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Val Marshall: An Advocate for All Pediatric Cancer Patients

Family Matters - Spring 2011

In her own words:

My husband and I have decided that we both need to become advocates who speak with members of Congress about the lack of pediatric cancer research.

The chemotherapy our son Addison has been on for two years was developed in the 1950-1970s. Many strides have occurred with different combinations of these agents, yet the late side effects can be horrifying and the relapse rate is over 30%.

To witness a teenager having to have a total hip replacement because of this drug regimen is too painful to bear. To attend memorials for kids who have had the best care, best prayers and best of attitudes is gut wrenching. To read that one of the drugs in the treatment for leukemia can actually cause another form of leukemia makes me extremely angry.

I believe that Congress may be a good place to start. Childhood cancer is not a blue state issue or a red state affair; this is a red, white and blue non-partisan crisis. Every day, 46 families in the United States hear a phrase that will change their lives forever − “your child has cancer.”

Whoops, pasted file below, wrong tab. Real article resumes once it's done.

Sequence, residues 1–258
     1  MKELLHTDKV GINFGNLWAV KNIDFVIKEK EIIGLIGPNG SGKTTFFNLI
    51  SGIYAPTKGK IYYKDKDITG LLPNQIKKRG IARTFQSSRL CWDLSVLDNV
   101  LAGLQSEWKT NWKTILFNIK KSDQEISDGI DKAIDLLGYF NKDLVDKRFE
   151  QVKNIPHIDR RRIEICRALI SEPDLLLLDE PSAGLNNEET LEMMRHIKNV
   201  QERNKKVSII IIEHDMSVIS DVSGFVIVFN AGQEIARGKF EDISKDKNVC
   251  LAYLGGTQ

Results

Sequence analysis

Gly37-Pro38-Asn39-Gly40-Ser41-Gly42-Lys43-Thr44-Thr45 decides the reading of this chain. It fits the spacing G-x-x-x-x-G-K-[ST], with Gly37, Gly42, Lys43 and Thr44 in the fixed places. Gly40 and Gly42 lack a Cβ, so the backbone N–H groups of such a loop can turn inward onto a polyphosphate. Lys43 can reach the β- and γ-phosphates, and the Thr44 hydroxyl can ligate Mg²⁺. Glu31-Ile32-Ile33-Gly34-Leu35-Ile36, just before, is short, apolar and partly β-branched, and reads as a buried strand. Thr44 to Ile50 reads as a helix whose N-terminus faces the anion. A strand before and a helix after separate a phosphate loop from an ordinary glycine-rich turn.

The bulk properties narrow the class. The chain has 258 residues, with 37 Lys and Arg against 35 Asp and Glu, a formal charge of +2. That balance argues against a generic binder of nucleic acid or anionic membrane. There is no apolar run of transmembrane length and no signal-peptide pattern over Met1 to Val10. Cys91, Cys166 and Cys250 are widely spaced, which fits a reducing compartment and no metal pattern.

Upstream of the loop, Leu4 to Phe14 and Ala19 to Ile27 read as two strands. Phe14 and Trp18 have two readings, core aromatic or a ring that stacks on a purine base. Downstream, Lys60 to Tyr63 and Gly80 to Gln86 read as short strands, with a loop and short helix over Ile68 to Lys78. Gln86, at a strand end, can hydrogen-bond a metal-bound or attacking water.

Taking advocacy to Capitol Hill

So, during March, I had the privilege of visiting our country’s Capitol in the role of advocate for pediatric cancer awareness. As the lone representative from Texas to the CureSearch Children’s Cancer Awareness and Advocacy Day, it was my pleasure to meet with the health care aides of Texas Senators Kay Bailey Hutchison and John Cornyn. I also met personally with Texas Representatives Michael McCaul and Ron Paul.

A day of training from CureSearch and the Children’s Oncology Group prepared all of the pediatric cancer advocates for a big day on Capitol Hill. Our goal was to increase awareness that the 13,500 children diagnosed with cancer each year are true medical orphans. We were patted on our heads with murmurs of, “I just can’t imagine …”

I asked one staffer, “Could you perform your job with a cellphone or computer developed during the presidency of John F. Kennedy – because that’s the same thing as the parents of these pediatric cancer patients asking pediatric oncologists and surgeons to perform brain surgery with oven mitts and expecting to see soufflés as the result!”